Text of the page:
Modi’s foreign policy echoes

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Modi leads his way through a slew of foreign policy advancements, notably the recent middle-east trip.


ndia, with its commitment towards sustainable development backed by its vibrant economy and a growing population, is on its way to achieve the ambitious socioeconomic goals set by the Modi government. The pro-government votaries cite India’s participation at the High-Level Political Forum 2017, focusing on poverty alleviation and nation-building through infrastructure development and building diplomatic relations with leading nations of the world. At the same time, the government needs to adopt proactive policies in areas like economic growth, swift deliverance of justice and eradication of poverty and social injustices. Modi’s tactics for such issues appear noticeably simple, if not overtly naive.

The mantra of government’s war on poverty is intrinsically tied to its avowed goals to achieve rapid growth. Ambitious programmes like Make in India, Startup India, Digital India or Skill India push boundaries for contributing to Agenda 2030, especially in accordance with Articles 15, 27, 45 of its Declaration.

Former Prime Minister Manmohan Singh had negotiated some crucial deals that went unnoticed, only to resurface as policy strides made by Modi, which helped the nation secure global admiration and to be party to some historic strategy arbitrations. By establishing awesome camaraderie between some of the prominent global leaders, Modi was affirming India’s pledge to affirming its commitment to forge long-lasting relations with the nations of the world.

The consequent deals can safely be termed by political commentators as being confirmative to the goals that would bolster India’s appeal to the world as an active pursuant of Sustainable Development Goals (SDGs). The Indo-Japan deals on cooperation for peaceful nuclear energy utilization and environment protection (SDG 7, 13), Canadian memoranda on selective passport exemption, technology development (SDG 9, 17), or talks on defence and infrastructure with Australia (SDG 8, 16) – serve to further India’s bid to the big league.

The West Asian strides

SDG 16 proposes “effective, accountable, and transparent institutions at all levels” to primarily minimize corruption. Arguably, opacity is a better description of Indian defence deals. Debatable arguments evaded national security concerns, in turn clouding armament policies. Critical information is kept out of the RTI mandate behind the palls of the Second Schedule. Modi’s trips to West Asia and the Gulf region primarily concern SDG 16, followed by the usual commitments to longstanding traditions of partnerships in education and R&D. Oman and the UAE present opportunities to enhance India’s trade base. While Oman is the most stable country in the otherwise politically active region, the UAE shares a robust companionship with India. Deals were signed on mutual in civil and commercial matters. The memoranda stand firmly for both the countries’ growth processes, as they contribute to the Agenda 2030 in a salubrious sense of enterprise.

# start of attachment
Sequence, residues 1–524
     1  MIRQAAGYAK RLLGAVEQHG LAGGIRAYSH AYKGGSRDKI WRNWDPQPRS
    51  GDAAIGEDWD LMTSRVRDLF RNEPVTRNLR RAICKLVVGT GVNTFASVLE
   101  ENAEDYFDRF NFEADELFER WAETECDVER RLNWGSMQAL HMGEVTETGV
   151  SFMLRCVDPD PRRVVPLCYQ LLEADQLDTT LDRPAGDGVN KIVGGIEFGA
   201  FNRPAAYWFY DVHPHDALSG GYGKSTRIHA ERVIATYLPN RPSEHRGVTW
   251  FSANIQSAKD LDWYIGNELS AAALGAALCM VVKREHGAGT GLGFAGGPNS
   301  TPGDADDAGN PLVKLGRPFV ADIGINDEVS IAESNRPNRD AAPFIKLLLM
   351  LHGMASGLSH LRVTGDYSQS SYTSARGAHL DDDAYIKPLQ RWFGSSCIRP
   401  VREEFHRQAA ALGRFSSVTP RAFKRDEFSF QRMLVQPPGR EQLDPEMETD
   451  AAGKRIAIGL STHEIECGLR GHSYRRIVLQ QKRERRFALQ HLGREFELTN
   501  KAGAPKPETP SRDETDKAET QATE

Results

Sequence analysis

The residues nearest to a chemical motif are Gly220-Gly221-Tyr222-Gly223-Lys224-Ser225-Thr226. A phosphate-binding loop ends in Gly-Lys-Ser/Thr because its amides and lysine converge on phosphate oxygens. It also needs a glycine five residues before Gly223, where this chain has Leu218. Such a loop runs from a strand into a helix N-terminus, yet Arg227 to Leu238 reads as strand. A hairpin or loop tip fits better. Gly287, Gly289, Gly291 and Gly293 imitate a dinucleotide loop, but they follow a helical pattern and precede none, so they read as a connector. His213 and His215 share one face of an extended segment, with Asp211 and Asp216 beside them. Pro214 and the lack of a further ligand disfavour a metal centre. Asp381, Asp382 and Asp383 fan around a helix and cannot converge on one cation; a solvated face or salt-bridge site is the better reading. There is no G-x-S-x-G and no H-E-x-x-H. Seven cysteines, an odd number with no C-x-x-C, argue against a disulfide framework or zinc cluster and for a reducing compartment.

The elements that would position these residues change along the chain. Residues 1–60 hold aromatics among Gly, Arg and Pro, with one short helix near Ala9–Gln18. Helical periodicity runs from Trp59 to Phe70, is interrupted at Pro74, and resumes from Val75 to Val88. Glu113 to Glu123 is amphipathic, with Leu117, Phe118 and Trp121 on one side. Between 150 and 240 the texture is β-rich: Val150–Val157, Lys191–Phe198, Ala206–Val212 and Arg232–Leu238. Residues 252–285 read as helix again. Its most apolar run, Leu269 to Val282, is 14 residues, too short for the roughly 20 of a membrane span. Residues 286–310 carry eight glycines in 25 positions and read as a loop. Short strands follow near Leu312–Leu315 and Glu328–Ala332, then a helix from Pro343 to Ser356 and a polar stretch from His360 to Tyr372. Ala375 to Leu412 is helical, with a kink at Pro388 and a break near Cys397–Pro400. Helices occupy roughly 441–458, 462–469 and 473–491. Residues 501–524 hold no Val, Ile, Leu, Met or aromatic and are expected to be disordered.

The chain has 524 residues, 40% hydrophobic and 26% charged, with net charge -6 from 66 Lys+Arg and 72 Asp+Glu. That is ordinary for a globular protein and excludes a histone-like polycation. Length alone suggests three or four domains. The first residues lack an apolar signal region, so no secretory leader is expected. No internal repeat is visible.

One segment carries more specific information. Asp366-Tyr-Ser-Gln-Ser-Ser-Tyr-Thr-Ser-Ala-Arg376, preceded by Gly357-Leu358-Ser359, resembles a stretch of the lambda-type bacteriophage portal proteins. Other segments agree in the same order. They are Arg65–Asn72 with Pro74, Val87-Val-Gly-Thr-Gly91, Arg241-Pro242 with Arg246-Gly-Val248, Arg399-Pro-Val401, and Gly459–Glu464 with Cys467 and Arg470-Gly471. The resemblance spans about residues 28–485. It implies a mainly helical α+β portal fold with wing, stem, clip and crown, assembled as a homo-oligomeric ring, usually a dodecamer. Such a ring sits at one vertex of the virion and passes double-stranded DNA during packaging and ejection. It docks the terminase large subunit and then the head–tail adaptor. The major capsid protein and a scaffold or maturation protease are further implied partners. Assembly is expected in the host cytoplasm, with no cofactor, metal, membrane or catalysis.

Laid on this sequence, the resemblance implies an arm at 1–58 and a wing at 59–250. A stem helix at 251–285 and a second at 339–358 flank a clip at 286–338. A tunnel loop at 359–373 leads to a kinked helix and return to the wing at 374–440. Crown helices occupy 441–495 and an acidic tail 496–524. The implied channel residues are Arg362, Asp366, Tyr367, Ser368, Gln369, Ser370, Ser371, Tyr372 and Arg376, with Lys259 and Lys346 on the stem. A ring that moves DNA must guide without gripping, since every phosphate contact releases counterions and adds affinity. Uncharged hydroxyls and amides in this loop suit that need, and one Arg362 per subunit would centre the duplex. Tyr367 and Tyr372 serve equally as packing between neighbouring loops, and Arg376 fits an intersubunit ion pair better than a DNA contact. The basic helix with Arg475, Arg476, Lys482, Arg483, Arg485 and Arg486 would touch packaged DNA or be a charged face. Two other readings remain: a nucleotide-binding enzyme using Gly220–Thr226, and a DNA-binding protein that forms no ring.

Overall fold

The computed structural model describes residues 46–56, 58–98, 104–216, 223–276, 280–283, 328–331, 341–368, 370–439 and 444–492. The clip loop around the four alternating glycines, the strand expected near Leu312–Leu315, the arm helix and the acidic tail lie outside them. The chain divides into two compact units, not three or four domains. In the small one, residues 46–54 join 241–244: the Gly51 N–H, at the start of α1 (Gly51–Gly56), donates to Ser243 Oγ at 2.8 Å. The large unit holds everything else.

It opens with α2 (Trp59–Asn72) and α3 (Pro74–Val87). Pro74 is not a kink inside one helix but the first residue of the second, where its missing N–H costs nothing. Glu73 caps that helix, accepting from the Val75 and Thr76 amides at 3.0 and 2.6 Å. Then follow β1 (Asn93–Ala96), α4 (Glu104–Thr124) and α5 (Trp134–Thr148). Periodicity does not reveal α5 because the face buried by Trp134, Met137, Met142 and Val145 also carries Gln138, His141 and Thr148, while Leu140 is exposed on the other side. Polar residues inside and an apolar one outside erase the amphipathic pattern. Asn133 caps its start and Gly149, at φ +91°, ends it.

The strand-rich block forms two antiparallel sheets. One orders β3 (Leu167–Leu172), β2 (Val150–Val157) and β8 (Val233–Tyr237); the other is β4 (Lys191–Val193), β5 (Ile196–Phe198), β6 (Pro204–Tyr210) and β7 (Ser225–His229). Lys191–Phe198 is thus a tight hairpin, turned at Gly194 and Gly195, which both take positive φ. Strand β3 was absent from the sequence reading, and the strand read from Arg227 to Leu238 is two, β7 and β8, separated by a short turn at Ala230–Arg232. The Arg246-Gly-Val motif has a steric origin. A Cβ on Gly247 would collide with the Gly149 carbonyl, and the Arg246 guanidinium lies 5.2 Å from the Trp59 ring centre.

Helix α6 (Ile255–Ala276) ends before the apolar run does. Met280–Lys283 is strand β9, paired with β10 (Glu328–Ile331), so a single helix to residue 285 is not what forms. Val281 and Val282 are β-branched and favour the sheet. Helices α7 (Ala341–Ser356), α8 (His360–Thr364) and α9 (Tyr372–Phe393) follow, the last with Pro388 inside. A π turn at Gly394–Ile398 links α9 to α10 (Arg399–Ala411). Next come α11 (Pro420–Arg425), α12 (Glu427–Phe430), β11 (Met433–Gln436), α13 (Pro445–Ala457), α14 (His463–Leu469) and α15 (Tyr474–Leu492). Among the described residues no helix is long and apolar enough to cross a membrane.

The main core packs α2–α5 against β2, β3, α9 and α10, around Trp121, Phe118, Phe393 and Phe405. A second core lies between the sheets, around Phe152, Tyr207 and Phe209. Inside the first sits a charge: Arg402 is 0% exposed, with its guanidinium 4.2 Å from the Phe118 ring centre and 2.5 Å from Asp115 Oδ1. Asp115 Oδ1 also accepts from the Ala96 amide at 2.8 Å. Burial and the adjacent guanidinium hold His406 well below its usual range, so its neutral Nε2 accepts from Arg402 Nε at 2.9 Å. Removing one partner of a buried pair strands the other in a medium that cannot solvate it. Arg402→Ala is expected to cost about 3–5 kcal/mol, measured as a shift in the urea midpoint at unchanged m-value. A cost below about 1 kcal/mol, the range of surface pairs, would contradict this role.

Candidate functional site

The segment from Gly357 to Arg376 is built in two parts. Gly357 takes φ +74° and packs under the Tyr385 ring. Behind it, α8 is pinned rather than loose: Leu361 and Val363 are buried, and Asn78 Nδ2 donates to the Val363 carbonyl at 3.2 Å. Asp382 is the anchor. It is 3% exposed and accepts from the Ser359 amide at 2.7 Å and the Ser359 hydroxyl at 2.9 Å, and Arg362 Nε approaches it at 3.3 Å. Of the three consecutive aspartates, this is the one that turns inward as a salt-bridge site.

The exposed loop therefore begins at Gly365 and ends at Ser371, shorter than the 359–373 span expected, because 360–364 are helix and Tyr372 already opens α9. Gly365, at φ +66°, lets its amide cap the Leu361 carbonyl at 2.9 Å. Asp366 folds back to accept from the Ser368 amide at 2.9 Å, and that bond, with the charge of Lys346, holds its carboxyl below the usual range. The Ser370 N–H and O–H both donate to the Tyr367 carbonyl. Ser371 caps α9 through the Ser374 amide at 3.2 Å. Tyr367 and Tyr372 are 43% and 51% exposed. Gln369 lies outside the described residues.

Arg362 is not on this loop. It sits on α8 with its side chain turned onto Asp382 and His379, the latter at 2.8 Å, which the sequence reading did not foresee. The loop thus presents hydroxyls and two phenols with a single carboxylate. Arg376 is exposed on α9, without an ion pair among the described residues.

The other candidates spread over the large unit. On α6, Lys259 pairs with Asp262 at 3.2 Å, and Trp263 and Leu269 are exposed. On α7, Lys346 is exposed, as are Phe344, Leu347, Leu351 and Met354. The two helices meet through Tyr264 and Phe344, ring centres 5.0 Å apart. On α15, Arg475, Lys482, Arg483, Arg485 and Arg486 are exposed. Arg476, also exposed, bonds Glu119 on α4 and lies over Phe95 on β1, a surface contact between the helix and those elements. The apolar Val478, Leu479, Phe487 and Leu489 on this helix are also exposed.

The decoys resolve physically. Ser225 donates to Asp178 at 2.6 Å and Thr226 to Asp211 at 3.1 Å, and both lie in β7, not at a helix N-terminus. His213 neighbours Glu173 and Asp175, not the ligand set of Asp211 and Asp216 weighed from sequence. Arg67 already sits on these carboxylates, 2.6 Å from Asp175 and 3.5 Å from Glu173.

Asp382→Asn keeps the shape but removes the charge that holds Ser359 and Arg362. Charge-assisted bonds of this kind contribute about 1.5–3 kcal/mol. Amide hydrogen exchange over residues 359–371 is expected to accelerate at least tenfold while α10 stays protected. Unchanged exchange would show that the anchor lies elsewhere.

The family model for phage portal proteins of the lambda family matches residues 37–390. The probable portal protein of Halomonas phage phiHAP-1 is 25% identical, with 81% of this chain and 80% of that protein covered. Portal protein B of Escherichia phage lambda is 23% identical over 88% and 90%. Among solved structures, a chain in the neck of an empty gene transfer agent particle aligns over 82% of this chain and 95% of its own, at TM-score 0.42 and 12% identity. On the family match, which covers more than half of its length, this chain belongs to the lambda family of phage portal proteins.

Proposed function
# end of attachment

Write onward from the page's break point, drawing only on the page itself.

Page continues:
“The Gulf is an extended part of our neighborhood,” says Dr. A.K. Pasha, professor at Centre for West Asian Studies, Jawaharlal Nehru University. On promoting diplomatic ties through the ministerial trips, he said: “Shared culture encourages sustainable development. In the wake of socioeconomic instability in the Middle East, resource crunch has taken the region by storm. India is now taking the lead in showcasing compassion and delivering agreements. Memoranda of understanding were signed in defence and infrastructure, displaying India’s commitment to sustainable development goals”

First PMO visit to Palestine

Modi’s inaugural trip to Ramallah was a first for any Indian Prime Minister. An apparent attempt to delink India’s relationship with Israel and Palestine, it saw signing of six agreements on infrastructural development. The bonhomie between Modi and Netanyahu saw the two countries hailing each other as a strategic partner despite India’s long-standing support for the Palestinian cause. Keeping Modi’s personal fancy for Netanyahu aside, he has interacted with Mahmoud Abbas thrice: on the sidelines at the UNGA in 2015, the Paris Climate Summit later that year, and during Abbas’ visit to India in 2017.

Other than furthering ululations of India’s strength in international realpolitik, Modi’s concentration on SDGs 9 and 11 fueled his Gulf trip this year. The Ministry of External Affairs has stated that the six GCC countries back almost 20% of the bilateral trade. This explains its influence on the Ministry’s enthusiasm to expand the trade bases in the region. This trip, like all before, falls in line to achieve the two development goals: growth and infrastructure.